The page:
UK Services Growth Pauses
Yesterday brought a welcome up tick in the British Manufacturing sector in the form an expanding Purchasing Managers Index (PMI). The Services version of this measure has just been published and it is showing some slight pullback, this now stands at 57.7 for the month of June compared to 58.6 for May and a market consensus estimate for 58.3. The Composite PMI for the UK now reads at 58.0, this is still elevated but does represent an overall drop on the previous month’s 59.0 reading and also slightly misses the 58.6 market consensus figure.
The UK’s trade balances continue to improve as the recovery takes hold, this is helped in no small part by the services sector of the economy which currently accounts for over 40% of the Britain’s exports. This is a welcome support for the balance of payments numbers that have been experiencing underperformance from the manufacturing sector. It is the high value add service such as those in the financial sector that are selling abroad and are relatively more immune to the competitive disadvantage brought about by a rising currency.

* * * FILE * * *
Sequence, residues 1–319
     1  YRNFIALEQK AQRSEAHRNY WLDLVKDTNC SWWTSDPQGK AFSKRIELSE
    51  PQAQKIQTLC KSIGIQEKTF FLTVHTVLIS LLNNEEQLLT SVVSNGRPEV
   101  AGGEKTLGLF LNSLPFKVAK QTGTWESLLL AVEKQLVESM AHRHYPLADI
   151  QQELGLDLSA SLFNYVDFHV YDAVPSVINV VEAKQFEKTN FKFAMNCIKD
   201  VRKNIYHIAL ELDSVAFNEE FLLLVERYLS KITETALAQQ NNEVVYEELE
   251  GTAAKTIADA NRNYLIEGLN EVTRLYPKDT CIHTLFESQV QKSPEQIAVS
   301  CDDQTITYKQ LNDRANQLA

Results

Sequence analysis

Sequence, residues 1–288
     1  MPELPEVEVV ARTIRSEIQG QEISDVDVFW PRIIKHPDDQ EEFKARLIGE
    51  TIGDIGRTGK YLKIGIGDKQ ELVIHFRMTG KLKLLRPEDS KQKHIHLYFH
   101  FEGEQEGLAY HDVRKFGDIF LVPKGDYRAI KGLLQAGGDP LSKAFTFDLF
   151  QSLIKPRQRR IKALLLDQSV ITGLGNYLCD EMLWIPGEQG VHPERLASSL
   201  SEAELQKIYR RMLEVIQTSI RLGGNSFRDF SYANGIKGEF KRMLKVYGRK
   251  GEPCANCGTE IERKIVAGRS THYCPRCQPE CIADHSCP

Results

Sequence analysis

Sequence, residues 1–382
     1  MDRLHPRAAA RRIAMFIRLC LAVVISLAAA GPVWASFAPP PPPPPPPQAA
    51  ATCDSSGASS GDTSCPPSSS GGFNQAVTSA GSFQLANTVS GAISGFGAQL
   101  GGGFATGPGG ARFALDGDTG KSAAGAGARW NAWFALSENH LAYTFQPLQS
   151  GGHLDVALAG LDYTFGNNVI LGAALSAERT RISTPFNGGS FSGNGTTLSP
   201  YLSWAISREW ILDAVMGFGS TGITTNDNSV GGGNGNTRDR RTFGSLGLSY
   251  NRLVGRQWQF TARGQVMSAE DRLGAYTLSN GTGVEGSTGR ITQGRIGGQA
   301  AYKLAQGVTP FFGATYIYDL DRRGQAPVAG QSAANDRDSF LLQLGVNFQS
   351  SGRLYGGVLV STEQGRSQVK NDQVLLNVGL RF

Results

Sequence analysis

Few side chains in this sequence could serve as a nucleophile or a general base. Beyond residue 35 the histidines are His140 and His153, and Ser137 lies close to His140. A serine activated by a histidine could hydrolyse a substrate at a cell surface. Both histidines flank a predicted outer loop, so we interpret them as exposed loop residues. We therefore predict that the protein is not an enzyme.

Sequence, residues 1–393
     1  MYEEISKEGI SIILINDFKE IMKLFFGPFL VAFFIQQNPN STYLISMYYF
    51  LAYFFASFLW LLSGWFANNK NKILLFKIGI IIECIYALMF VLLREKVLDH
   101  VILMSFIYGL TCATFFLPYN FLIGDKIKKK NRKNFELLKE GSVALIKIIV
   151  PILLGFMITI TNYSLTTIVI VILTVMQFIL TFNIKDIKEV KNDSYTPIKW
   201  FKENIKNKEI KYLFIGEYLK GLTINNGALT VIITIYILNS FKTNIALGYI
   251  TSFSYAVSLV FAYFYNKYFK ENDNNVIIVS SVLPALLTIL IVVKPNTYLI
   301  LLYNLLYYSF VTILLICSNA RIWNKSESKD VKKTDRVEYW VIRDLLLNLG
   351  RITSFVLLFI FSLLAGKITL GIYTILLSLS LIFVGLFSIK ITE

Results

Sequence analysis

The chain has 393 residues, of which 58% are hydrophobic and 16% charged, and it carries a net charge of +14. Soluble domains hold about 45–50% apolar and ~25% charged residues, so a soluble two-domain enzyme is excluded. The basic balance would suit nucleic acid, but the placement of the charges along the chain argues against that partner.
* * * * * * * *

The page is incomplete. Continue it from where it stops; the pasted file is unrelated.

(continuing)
There are a number of threats currently facing the UK’s stellar return to growth, accelerating house price growth is certainly the headline problem for the authorities at the moment. Other aspects, that heretofore had given cause for concern, are falling by the way side. Yesterday’s confirmation that the Manufacturing sector is in better shape than previously anticipated brings further confidence that current economic growth comes with much welcomed stability.
The fact that many sectors are now contributing to the UK growth story may hasten the need for some cooling of the economy. This could now result in a truncation of the timetable for interest rate rises previously slated for sometime early next year. The Bank of England has been avoiding the use of interest rates to calm the housing market due to the potential adverse affect on the general economy, however as other sectors begin to perform it now frees up the Bank to use this broader economic policy tool.
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